That’s the whole story. Oh - one more thing - I of course included Sha-Na-Na doing the song “Tell Laura I Love Her” in the simulcast film. When I was first introduced to John Lennon, he sang that to me.

Film editing brought Laura to California in the seventies:

I moved to California to work on a film with one of John & Yoko's former producers and ended up staying. In 1982, I took a job in Kentucky cutting a documentary about a tobacco farmer. I lived there for about two years and took up Appalachian fiddling. I lived in a very small town in Southeastern Kentucky, population 1,200, and didn't have anything to do after work so I went to a fiddler I had heard about [Marion Sumner] and asked him to teach me. He asked me to play something so I played a scale and he said, "You won't be no problem,” then he played something and from that moment on all I wanted to do was play like him.

He loved Western swing and taught me a lot of Bob Wills and Spade Cooley numbers. He taught me melodies and played harmonies. Besides knowing an endless number of traditional tunes, he loved swing especially Bob Wills, Stefan Grappelli, and Joe Venuti. After a week or two he stopped charging me for lessons and I went to his trailer every day and we played twin fiddle for hours. It was a wonderful experience.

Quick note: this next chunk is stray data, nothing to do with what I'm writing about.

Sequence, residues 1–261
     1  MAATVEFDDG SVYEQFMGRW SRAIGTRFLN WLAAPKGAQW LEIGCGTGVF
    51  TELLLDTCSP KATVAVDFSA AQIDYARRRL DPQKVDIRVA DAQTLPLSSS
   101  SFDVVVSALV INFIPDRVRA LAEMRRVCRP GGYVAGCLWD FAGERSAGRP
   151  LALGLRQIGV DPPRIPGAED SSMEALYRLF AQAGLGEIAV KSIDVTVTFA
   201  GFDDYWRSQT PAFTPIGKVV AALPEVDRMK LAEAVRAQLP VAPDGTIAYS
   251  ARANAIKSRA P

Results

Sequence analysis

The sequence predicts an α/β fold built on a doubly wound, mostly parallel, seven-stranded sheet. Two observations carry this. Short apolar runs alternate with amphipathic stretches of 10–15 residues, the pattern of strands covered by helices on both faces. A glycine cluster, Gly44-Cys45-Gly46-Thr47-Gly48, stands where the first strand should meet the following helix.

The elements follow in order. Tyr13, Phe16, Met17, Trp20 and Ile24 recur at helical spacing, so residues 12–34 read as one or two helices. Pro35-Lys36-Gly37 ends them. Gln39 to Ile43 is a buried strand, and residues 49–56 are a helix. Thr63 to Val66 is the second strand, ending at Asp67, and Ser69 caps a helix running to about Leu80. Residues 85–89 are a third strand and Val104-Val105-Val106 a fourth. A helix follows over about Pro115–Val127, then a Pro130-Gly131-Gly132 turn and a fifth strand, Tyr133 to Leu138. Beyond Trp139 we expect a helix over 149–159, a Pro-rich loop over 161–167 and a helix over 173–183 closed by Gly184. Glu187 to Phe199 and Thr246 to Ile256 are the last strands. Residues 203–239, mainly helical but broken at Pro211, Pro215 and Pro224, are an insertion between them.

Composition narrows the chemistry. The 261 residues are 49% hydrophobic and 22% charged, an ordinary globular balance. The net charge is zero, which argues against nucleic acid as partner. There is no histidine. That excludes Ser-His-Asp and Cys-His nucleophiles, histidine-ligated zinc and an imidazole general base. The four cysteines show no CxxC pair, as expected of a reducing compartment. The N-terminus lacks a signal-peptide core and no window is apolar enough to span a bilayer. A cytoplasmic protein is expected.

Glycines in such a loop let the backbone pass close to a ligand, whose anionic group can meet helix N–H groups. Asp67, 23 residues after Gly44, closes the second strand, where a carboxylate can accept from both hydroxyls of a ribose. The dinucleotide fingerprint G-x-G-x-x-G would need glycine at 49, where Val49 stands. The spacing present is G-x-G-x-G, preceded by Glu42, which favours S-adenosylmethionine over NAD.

[View a seven-minute segment of Laura and Marion playing together at https://appalshoparchive.org/Detail/objects/10829, beginning at 13:55]

The first tune he taught me was the Bob Wills song Faded Love and he played a harmony with me. A week after I started playing he had me on stage with him. He brought me with him to a bluegrass festival and got me on stage to play Faded Love with him.

During those days I learned a Grappelli solo from a cassette – In My Solitude. I played some other gigs with Marion and a couple of other bands in the area and I actually felt more at home on stage than I did in social situations.

When I returned to LA, I couldn't get a job [in film editing] because while I was away everybody switched to digital and although I had learned how to do it, I didn't have "experience.”